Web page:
is a unique collaboration between cultural institutions spanning Washington DC, Paris, and Beirut with one shared goal: to bring into focus through photography some of the dizzying social, political, and economic developments that have marked Lebanon over the past decade and a half. Produced by the Middle East Institute (MEI) with its partners in Paris and Beirut, Lebanon Then and Now presents under one virtual roof selections from two seminal shows: Lebanon: Between Reality and Fiction, organized by the Arab World Institute in Paris (Sept.11- Nov. 24, 2019); and Revolt (Nov. 14, 2019-), organized by the Beirut Museum of Art, USA (BeMA USA), the Association for the Promotion and Exhibition of the Arts in Lebanon (APEAL), and the Beirut Center of Photography (BCP). Together they tell a very contemporary story about the country, while highlighting the critical role that Lebanon’s artists and creatives play as the interpreters and archivists of the country’s unfolding narrative.
Originally planned as a physical exhibit for the summer of 2020 in the newly launched MEI Art Gallery in Washington DC, Lebanon Then and Now has been reimagined as a virtual exhibit in light of MEI’s temporary closure due to the coronavirus pandemic. The show, featuring 17 Lebanese photographers and 50 images, presents two very different perspectives on Lebanon. Selected photos from the Arab World Institute exhibit offer a view into a country exploring the aftermath of its long civil war (1975-1990), while the BeMA USA/APEAL/BCP exhibit takes audiences inside the raw emotion of the street protests that erupted on October 17, 2019 — and continue to this day — in response to the corruption and political mismanagement that triggered Lebanon’s recent financial collapse.
Lebanon: Between Reality and Fiction, curated by Hanna Boghanim, opened in September 2019 at the Arab World Institute as part of the Third Biennial of Contemporary Arab World Photography and drew large crowds over the course of its three-month run, which corresponded with the start of the Lebanese uprising. Nineteen photographers, artists, and filmmakers, most of them Lebanese women, explored Lebanon’s social, urban, and geographic realities. Taking an artistic and sometimes conceptual approach, their work reflected on a society struggling with the scars of civil war and conflict, while navigating the country’s post-war ethos marked by youth aspirations and shifting gender norms, rampant urban development and commercialization, ongoing corruption, and the impact of the war next door in Syria.
Revolt, curated by Chantale Fahmi for BeMA USA in collaboration with APEAL and the Beirut Center of Photography, opened in November 2019 in an outdoor exhibit space near the heart of the protests in downtown Beirut. Twenty five photographs shot by 10 Lebanese photo-journalists captured a pivotal moment in the country’s history. They revealed the anger, energy, and passion that united people across classes, religions, and ages against the country’s corrupt ruling elite. The billboard-size images were hung next to the “Egg,” an unfinished but iconic pre-war structure facing Martyrs’ Square that became a headquarters for the protesters, and hang there to this day.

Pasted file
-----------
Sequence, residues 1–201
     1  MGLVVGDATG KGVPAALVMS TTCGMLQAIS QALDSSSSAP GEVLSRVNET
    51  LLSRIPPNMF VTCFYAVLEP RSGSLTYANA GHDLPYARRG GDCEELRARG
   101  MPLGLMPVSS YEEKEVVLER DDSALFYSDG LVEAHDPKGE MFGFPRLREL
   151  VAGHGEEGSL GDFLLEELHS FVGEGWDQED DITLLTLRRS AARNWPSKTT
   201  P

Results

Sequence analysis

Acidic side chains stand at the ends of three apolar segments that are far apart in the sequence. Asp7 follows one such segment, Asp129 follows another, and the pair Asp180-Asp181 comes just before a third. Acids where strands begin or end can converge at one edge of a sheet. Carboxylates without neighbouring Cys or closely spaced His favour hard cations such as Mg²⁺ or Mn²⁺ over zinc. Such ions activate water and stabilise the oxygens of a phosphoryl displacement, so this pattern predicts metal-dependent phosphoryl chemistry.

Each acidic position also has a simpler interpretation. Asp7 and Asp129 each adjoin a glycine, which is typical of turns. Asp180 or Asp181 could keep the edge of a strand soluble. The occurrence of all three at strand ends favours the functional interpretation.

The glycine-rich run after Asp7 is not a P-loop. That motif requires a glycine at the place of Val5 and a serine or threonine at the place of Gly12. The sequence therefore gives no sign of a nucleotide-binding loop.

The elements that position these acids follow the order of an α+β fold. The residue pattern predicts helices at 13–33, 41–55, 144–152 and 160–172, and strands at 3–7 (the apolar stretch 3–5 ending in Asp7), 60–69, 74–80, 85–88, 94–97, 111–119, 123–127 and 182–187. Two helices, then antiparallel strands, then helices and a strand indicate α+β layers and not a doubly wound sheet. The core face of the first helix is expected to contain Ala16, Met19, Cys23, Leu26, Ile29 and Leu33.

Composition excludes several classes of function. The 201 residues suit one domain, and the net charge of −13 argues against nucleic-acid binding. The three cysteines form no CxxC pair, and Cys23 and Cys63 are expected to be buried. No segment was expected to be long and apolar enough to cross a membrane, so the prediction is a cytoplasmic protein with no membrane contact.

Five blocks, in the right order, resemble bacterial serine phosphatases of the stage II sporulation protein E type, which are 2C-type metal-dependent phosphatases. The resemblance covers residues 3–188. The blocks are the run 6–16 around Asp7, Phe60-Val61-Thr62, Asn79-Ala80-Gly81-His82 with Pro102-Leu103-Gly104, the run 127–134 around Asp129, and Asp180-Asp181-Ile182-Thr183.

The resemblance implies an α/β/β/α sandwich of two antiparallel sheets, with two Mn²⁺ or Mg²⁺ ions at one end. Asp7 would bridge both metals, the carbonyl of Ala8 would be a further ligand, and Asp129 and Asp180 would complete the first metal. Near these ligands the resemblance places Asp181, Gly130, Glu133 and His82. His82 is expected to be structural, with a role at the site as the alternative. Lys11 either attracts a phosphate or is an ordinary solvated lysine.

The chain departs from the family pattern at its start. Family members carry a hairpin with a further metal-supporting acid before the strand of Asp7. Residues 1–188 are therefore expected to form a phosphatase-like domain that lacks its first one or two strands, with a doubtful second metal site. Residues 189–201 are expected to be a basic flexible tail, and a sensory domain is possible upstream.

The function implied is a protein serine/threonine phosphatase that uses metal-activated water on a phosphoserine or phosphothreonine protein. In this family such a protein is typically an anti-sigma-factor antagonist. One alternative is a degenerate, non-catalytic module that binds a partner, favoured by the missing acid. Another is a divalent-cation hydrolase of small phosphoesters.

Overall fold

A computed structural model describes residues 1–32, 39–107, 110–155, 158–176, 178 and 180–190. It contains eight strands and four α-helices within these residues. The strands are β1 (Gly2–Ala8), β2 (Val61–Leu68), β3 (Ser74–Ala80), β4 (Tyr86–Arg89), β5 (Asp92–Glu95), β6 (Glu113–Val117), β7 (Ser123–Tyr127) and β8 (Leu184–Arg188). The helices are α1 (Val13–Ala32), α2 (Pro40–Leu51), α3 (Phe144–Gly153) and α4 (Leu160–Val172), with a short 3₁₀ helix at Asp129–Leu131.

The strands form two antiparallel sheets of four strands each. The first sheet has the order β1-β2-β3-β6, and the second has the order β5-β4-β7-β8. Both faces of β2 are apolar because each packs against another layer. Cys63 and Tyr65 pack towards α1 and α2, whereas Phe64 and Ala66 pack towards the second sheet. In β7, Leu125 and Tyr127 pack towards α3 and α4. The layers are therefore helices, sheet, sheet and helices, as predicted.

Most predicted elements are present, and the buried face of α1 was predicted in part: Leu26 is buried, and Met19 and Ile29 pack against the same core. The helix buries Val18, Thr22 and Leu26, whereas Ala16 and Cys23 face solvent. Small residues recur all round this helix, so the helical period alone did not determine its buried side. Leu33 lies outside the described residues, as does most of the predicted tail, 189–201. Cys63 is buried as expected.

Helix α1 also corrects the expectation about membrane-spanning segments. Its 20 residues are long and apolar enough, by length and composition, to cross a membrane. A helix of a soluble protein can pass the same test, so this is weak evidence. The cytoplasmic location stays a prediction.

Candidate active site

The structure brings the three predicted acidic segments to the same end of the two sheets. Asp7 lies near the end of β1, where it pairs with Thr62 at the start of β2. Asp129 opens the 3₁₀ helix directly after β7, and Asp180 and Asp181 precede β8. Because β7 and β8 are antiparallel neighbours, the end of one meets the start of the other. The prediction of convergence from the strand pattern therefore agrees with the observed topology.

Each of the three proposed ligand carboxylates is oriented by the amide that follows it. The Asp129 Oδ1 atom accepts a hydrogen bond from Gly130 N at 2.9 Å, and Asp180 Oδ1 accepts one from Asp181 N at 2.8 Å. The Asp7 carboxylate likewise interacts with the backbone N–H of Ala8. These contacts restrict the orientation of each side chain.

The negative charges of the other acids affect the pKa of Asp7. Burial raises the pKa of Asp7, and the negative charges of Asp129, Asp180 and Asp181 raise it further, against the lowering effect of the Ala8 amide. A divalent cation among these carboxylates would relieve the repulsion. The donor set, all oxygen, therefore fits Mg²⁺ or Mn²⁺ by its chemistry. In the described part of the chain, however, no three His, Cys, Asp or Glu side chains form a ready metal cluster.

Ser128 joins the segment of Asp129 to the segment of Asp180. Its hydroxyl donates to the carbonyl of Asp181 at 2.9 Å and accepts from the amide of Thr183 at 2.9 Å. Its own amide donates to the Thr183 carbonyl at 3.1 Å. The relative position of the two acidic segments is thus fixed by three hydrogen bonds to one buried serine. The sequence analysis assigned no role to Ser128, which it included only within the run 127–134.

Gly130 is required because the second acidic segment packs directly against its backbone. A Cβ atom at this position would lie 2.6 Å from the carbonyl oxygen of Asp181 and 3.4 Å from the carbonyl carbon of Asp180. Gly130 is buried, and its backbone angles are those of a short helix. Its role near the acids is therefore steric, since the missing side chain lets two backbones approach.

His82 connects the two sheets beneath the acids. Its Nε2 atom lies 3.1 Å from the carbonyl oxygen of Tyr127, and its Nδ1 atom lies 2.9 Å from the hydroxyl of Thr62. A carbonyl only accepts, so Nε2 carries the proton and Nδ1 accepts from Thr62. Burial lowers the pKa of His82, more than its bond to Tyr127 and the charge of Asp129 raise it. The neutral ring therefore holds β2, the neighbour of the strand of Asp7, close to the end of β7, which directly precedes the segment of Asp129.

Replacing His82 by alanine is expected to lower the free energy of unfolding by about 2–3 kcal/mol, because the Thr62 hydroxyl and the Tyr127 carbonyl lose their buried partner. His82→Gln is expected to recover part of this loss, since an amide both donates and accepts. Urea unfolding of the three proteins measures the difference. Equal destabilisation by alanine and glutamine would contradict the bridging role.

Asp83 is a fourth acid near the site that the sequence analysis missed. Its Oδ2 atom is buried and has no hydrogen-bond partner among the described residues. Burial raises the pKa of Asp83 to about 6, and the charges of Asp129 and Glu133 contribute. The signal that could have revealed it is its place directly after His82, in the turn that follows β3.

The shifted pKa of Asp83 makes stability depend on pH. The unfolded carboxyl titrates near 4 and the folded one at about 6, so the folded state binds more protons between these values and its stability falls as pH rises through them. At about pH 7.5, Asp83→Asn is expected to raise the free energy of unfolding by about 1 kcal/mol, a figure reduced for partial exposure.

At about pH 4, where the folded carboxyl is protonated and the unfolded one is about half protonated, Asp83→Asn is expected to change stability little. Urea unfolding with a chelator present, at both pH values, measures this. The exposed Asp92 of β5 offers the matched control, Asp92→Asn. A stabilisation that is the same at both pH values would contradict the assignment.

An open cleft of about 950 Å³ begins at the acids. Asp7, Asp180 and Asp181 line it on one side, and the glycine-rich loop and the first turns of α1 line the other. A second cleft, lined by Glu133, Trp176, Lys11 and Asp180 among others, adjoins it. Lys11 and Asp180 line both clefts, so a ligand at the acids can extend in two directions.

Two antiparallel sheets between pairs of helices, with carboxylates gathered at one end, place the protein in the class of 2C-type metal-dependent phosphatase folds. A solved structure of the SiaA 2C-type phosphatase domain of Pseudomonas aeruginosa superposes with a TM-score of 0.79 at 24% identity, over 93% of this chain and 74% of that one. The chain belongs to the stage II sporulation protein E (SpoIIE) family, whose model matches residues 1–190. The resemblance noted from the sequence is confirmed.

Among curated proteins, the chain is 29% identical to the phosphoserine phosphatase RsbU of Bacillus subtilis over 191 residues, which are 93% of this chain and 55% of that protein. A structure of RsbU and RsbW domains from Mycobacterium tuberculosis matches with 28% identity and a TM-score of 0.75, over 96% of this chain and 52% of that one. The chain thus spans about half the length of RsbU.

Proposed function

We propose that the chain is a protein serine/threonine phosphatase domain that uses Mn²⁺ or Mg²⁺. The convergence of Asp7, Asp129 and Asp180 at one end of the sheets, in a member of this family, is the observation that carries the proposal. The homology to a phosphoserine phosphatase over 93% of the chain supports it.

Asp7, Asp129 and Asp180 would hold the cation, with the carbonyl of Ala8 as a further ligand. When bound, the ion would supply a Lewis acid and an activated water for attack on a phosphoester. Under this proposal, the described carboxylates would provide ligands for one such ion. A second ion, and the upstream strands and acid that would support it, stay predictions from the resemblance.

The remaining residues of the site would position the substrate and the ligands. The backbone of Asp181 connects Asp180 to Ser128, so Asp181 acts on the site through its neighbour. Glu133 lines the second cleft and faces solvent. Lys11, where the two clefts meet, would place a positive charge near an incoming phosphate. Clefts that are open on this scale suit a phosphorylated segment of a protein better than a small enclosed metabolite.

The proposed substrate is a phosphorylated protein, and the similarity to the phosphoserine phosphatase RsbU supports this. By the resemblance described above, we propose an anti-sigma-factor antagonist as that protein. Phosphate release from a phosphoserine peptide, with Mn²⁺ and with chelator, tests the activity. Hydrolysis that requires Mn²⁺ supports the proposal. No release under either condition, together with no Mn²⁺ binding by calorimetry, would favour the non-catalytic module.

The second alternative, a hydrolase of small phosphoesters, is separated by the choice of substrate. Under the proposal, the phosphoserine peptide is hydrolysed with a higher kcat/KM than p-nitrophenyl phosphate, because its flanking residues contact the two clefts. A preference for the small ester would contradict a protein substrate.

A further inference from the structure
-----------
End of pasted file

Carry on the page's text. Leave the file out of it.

The two shows, now curated as one by Chantale Fahmi for BeMA USA, tell the story of the troubled calm that presaged Lebanon’s current storm — a storm that has been made worse by the additional socio-economic impact of the Covid-19 crisis. However, the combined shows also reveal something hopeful: the desire of Lebanon’s youth for an alternative to the country’s broken sectarian political system; the resilience and determination of the Lebanese to chart a better path, and the value they place in the arts and creative expression - all key ingredients in the potential for renewal of a country whose global cultural influence far outstrips its size and geography.
b. 1992, Lebanon; lives in Beirut, Lebanon
Lamia Maria Abillama
b. 1962, Lebanon; lives in Beirut, Lebanon
b.1964, Lebanon; lives in Beirut, Lebanon
b. 1980, Saudi Arabia; lives in Paris, France
b. 1973, Lebanon; lives in Beirut, Lebanon
b. 1980, Lebanon; lives in Beirut, Lebanon
b. 1966, Lebanon; lives in Tripoli, Lebanon
b. 1994, Lebanon; lives in Lebanon
b.1985, Beirut, Lebanon; lives between Beirut and Berlin
b. 1989, Paris; lives between Beirut and Paris
b. 1987, Germany; lives in Lebanon
b. 1992, London; lives between Los Angeles and Beirut
b. 1997, Oman; lives and works in Beirut, Lebanon
b. 1981, Lebanon, lives and works in Lebanon
b. 1993, France; lives and works in Lebanon
b.1975, Lebanon; lives and works in Lebanon